Changes in spinal posture, muscle activation, center of pressure and discomfort while standing with different footrest heights during a standardized computer task
Cregg, Andrew C.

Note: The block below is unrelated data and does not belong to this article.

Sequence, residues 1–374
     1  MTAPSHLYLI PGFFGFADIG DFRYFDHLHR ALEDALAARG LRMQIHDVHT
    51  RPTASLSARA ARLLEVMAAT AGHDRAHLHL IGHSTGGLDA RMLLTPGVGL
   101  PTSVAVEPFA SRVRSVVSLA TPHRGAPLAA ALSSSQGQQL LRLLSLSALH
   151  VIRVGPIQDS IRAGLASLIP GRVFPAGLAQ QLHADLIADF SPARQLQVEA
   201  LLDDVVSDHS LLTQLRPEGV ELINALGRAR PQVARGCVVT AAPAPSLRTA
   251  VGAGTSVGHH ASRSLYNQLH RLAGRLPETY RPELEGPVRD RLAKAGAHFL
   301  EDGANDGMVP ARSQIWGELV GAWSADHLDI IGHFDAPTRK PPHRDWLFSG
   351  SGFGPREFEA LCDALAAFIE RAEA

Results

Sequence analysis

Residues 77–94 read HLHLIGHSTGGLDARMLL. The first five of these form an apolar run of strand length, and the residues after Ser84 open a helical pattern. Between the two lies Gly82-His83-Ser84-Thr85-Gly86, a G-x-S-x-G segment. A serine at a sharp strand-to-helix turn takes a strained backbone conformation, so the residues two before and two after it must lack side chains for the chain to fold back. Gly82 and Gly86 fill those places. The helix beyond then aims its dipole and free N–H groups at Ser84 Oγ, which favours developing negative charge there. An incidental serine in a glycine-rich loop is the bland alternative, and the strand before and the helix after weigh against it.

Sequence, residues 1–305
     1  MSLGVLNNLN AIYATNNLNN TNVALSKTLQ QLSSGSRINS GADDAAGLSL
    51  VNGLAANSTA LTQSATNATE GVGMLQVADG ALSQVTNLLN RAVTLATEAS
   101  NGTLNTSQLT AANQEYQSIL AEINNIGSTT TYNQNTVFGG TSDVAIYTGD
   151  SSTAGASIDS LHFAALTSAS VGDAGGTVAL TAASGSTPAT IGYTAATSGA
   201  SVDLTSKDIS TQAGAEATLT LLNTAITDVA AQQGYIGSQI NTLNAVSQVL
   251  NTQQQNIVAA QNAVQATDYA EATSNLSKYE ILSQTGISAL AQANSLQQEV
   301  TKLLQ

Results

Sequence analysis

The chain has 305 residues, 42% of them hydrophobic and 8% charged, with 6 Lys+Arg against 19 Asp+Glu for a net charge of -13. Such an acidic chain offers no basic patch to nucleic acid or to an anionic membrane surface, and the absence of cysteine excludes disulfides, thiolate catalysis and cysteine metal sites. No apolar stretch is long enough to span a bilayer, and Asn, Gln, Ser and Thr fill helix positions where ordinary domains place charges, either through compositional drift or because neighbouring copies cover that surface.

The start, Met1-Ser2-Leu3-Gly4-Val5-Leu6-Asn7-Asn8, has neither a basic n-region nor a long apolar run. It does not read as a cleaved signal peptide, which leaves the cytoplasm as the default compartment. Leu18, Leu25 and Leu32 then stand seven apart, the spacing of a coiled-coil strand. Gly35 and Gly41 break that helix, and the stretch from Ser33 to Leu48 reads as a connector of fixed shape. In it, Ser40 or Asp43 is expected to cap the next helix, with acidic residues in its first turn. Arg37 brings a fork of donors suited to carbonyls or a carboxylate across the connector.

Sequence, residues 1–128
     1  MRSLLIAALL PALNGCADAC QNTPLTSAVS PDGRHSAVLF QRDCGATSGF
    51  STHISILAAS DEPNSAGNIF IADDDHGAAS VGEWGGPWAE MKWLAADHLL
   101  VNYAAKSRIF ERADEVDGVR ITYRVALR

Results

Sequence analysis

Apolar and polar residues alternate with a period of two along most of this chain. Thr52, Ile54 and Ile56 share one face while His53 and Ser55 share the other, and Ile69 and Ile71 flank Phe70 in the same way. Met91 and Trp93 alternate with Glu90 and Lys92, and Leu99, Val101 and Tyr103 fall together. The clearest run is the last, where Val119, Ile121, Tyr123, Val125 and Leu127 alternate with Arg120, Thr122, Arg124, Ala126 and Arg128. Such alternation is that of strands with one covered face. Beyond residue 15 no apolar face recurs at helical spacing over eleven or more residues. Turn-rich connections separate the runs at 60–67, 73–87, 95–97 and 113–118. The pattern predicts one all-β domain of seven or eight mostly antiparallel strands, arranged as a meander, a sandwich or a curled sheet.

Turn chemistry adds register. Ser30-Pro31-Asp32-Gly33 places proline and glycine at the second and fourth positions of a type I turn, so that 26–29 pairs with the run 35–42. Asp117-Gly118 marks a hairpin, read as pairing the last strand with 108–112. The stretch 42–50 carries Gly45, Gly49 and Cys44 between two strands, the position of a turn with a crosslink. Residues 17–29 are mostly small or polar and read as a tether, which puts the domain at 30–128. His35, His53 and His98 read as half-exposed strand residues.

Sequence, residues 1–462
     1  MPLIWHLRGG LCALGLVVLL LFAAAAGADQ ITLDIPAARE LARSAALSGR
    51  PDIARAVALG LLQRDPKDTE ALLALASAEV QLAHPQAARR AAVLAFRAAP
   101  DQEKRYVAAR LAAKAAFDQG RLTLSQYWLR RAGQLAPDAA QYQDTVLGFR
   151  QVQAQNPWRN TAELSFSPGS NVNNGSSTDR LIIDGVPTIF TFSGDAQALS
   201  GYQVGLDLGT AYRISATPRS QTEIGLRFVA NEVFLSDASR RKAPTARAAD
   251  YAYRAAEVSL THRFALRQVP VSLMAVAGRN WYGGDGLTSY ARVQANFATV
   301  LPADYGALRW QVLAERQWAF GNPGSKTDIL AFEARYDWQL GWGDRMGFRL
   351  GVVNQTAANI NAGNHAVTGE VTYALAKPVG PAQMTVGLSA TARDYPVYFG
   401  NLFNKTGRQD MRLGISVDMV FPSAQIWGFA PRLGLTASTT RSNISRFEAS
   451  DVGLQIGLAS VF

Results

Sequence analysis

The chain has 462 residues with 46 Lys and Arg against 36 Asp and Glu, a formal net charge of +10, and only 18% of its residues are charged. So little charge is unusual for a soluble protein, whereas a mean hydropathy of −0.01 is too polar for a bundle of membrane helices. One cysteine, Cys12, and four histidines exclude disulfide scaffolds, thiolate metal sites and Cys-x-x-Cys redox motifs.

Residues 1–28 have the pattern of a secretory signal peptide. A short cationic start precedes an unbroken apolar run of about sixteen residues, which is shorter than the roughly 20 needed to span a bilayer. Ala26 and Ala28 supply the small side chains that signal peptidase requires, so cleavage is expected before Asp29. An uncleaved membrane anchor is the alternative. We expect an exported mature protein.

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Standing aids are recommended for individuals who are expected to stand for prolonged periods of time in the workplace to reduce the risk of developing low back pain (LBP). The purpose of this study was to examine how footrest usage, and footrests of differing heights, affect measures of posture, muscle activation, weight distribution, centre of pressure, and discomfort while working at a standing workstation. Four standing positions were compared: flat ground stance, and standing with a low (10 cm), medium (20 cm) and tall footrest (30 cm). Using a footrest significantly altered lumbo-sacral angle, lumbar-to-thigh angles, gluteus medius and lumbar erector spinae muscle activity, and COPrange in the elevated limb. Discomfort increased over the 15 minute trial regardless of condition. The medium (20cm) footrest provided unique advantages over the other footrest heights and should therefore be recommended in situations where an absolute footrest height is preferred.